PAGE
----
as the desired action in your CPA campaign.
Depending on the aim of your campaign, you may want to measure other outcomes in addition to, or instead of, sales. For instance, you might measure leads in the form of membership registrations, newsletter subscriptions, software
downloads, or just about any other activity beyond simple page browsing. So when your customer clicks register, or subscribe, or download, etc., the conversion is automatically registered and the details are fed back you're your
In either case, at any time, you can log in and view your campaign results in real time.
2) Set up a landing page to capture lead contact details
If you're paying for leads, you obviously need to know when a lead is actually generated. Generally a lead becomes a lead only when the customer supplies you with their details (name, contact numbers, email, etc.). This means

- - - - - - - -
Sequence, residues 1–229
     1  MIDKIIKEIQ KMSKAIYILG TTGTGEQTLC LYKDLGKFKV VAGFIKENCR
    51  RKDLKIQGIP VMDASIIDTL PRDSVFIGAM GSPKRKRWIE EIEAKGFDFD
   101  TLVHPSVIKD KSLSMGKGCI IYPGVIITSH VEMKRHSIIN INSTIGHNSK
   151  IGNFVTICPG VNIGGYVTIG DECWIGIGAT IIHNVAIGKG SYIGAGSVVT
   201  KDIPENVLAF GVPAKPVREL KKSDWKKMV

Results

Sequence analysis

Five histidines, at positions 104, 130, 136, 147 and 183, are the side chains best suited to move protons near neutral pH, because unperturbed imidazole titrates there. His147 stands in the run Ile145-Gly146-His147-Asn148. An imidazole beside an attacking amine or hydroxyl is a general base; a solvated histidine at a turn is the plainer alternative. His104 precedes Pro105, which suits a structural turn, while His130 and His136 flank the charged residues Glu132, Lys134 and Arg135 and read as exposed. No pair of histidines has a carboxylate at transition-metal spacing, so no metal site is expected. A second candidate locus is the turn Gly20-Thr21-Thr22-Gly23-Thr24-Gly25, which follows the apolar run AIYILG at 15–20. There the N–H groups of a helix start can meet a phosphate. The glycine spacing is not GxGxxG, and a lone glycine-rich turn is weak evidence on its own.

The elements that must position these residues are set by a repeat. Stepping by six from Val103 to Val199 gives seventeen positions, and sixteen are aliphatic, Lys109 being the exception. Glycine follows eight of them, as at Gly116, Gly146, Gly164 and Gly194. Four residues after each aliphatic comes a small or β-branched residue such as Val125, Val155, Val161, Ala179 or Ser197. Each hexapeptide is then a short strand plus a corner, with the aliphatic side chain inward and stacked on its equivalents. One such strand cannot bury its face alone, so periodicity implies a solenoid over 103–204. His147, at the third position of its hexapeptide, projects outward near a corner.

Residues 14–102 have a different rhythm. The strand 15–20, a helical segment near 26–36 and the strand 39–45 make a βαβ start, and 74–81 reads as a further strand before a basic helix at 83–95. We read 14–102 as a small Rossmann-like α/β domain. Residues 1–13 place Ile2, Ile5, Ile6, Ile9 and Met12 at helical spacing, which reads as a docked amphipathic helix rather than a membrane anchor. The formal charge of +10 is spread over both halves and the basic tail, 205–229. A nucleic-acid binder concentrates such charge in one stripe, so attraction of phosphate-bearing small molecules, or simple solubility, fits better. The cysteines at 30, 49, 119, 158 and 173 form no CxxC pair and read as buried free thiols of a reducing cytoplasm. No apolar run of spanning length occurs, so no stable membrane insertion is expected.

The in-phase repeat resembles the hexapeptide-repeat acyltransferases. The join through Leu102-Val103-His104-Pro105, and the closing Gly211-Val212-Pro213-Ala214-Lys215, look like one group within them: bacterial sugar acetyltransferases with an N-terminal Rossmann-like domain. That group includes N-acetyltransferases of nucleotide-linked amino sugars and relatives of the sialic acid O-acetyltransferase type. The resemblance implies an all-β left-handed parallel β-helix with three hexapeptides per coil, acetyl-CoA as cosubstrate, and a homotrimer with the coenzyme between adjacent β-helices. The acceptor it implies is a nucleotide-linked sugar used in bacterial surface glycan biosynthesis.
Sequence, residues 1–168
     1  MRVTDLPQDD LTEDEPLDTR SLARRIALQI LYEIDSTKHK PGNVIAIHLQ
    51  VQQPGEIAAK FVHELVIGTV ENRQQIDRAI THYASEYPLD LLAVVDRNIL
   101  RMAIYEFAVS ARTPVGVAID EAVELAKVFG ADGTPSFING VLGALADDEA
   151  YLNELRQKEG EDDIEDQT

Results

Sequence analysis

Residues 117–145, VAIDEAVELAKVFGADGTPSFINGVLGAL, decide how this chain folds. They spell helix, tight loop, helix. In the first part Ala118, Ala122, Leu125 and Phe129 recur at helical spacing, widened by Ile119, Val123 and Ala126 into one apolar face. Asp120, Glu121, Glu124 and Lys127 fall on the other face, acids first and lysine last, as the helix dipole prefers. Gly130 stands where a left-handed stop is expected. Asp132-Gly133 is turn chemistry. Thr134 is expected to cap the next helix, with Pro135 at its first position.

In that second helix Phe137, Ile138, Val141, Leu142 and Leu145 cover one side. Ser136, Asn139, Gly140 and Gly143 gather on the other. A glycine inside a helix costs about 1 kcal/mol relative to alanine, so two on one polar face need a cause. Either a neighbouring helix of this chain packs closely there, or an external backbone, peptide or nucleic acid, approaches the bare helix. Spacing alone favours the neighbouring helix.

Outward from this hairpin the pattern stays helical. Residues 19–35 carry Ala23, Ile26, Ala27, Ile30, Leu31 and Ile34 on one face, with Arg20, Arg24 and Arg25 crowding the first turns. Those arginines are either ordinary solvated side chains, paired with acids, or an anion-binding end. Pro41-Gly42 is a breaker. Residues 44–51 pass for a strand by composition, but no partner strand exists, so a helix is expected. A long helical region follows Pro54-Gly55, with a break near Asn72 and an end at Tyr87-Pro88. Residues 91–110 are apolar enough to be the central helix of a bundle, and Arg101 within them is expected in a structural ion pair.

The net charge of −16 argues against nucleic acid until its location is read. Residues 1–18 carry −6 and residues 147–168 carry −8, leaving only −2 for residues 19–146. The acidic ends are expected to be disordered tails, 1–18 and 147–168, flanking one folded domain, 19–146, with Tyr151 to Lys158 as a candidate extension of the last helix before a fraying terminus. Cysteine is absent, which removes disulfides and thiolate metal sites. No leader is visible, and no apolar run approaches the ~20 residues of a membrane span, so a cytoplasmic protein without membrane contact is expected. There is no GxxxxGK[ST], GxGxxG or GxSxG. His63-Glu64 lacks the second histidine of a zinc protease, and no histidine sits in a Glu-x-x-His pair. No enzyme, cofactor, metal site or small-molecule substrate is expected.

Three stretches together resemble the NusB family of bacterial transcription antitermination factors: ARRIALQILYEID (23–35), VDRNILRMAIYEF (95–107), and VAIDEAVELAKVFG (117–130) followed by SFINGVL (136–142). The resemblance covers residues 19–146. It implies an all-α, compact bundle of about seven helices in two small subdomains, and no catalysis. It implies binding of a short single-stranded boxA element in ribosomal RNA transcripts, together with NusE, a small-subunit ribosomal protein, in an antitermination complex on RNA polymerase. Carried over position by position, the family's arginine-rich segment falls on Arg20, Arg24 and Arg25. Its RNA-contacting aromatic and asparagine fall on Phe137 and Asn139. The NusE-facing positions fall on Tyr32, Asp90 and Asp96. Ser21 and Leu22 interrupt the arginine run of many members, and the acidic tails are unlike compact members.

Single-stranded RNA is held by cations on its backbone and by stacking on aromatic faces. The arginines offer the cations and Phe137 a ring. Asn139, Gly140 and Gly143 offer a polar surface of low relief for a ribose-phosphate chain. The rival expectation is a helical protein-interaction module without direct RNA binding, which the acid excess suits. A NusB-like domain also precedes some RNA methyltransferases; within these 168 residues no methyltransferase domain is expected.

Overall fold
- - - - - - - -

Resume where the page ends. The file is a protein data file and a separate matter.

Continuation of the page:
you need to set up a landing page on your site capture these details. Your capture page can be collect contact information or it can be as simple as a signup for a monthly newsletter.
3) Get your CPA provider to set up your landing page
If you don't have the time, inclination, or resources to set up the necessary forms and database on your own site, the CPA provider can do it on their hosted server. They collect the leads and calculate the statistics. For
many businesses, this is the ideal option because it saves them time and money, and there are no tracking discrepancies.
4) Find a CPA provider you can trust